Newspaper article The Canadian Press

Shocking Prison Videos Central to Ashley Smith Inquest

Newspaper article The Canadian Press

Shocking Prison Videos Central to Ashley Smith Inquest

Article excerpt

Shocking videos central to Ashley Smith probe

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TORONTO - The videos were often jerky, of poor quality, yet what they showed was undeniably shocking: A hooded young woman being duct-taped to her airplane seat; guards in riot gear forcibly restraining and injecting her with powerful drugs; lying on a concrete floor on a segregation cell, blue in the face, taking her all too final gasps.

The images and sounds of those videos from prison surveillance cameras or taken by front-line guards stand out sharply among the hundreds of exhibits and thousands of hours of testimony at the inquest into the tragic death of 19-year-old Ashley Smith.

More than any other evidence presented before or during 11 months of hearings, video galvanized the inquest into the teen's death.

"It demonstrates in stark detail what happened to Ashley," said Breese Davies, lawyer for the Canadian Association of Elizabeth Fry Societies.

"It shone a light on their conduct that you wouldn't get from the documents and from the testimony."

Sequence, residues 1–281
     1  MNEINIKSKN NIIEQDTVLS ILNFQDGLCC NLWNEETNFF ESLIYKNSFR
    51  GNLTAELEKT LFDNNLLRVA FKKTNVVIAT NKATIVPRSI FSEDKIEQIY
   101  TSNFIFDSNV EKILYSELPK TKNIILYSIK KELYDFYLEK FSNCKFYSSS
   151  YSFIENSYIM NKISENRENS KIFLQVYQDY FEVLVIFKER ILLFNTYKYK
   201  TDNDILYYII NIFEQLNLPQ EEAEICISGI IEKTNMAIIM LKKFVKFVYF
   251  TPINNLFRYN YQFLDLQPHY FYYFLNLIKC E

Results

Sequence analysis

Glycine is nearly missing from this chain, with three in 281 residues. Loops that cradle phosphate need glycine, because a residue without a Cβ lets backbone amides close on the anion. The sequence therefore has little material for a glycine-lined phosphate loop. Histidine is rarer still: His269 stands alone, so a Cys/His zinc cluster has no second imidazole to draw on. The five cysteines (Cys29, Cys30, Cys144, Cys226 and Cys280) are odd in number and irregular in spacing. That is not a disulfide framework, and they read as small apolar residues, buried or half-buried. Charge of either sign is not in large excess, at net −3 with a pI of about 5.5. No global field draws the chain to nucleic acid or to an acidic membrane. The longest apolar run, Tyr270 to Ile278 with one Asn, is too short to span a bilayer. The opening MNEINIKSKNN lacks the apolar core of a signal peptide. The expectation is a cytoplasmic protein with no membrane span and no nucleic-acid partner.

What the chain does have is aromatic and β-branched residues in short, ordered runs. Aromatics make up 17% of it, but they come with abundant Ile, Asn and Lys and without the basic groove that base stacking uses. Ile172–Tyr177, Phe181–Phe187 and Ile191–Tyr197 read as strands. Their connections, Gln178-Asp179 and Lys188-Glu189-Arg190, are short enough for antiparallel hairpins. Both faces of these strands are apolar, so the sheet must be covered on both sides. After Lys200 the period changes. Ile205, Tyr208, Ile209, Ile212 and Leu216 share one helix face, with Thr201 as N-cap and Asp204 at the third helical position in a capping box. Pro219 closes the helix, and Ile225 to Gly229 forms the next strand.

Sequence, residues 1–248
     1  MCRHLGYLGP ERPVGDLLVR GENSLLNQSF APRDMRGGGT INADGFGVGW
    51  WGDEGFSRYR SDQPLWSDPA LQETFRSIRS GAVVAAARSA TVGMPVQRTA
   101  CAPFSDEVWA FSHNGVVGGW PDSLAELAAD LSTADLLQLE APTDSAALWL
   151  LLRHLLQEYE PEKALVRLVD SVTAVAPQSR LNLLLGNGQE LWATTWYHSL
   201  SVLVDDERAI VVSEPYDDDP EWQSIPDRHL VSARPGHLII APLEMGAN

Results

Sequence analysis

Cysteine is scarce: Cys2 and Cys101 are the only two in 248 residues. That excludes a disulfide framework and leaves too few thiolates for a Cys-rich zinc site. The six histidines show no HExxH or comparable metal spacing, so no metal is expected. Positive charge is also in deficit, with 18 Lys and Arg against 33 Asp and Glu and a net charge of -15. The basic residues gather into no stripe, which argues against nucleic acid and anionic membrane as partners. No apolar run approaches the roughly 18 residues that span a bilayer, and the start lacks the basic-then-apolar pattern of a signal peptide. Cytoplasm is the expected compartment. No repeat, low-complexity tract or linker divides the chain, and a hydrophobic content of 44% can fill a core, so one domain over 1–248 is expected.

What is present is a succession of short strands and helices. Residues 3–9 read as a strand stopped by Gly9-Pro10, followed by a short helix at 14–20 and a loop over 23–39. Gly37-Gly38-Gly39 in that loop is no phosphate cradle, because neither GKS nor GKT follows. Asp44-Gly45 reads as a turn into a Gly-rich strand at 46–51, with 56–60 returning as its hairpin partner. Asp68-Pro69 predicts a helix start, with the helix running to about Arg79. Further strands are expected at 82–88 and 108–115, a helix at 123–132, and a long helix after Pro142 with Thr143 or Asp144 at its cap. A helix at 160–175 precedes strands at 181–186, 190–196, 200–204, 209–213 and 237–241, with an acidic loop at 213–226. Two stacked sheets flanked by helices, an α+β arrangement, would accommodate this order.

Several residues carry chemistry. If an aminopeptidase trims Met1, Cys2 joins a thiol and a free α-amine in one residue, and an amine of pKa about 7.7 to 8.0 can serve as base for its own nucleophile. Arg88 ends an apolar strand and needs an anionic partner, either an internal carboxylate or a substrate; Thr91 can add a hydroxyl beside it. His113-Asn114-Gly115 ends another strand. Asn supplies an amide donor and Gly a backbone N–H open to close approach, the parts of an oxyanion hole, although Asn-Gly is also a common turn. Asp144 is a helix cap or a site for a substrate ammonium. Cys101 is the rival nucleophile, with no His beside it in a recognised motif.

For years after Smith's death on Oct. 19, 2007, at the Grand Valley Institution in Kitchener, Ont., Correctional Service Canada fought the release of the videos. For years, lawyers for Smith's family fought to have them made public.

A first attempt at the mandatory inquest collapsed in acrimony. The second seemed destined to follow the same path down a legal rabbit hole.

The videos, the family insisted, were both crucial to their arguments for a wide-ranging inquiry and to showing what Smith had endured during her time in federal custody.

Presiding coroner Dr. John Carlisle ordered the videos be screened.

Correctional Service Canada headed to the courts to fight the move, prompting charges of "coverup" and "bullying" from the family and others at the inquest.

"This case is really about Correctional Service Canada taking all conceivable steps so that certain videos don't make it to the public record," Smith family lawyer Julian Falconer said at the time. …

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